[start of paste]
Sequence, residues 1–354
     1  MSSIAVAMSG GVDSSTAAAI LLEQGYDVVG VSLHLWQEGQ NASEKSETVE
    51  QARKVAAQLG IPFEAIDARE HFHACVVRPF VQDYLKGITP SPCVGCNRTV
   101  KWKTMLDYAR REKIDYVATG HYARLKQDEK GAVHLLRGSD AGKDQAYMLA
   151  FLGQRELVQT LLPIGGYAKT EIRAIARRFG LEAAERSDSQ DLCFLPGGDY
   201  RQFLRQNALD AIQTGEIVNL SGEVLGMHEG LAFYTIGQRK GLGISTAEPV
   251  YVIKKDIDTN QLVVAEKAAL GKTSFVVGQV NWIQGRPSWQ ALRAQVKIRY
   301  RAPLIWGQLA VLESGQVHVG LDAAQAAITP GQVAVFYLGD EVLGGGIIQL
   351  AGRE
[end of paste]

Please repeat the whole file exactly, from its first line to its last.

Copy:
Sequence, residues 1–354
     1  MSSIAVAMSG GVDSSTAAAI LLEQGYDVVG VSLHLWQEGQ NASEKSETVE
    51  QARKVAAQLG IPFEAIDARE HFHACVVRPF VQDYLKGITP SPCVGCNRTV
   101  KWKTMLDYAR REKIDYVATG HYARLKQDEK GAVHLLRGSD AGKDQAYMLA
   151  FLGQRELVQT LLPIGGYAKT EIRAIARRFG LEAAERSDSQ DLCFLPGGDY
   201  RQFLRQNALD AIQTGEIVNL SGEVLGMHEG LAFYTIGQRK GLGISTAEPV
   251  YVIKKDIDTN QLVVAEKAAL GKTSFVVGQV NWIQGRPSWQ ALRAQVKIRY
   301  RAPLIWGQLA VLESGQVHVG LDAAQAAITP GQVAVFYLGD EVLGGGIIQL
   351  AGRE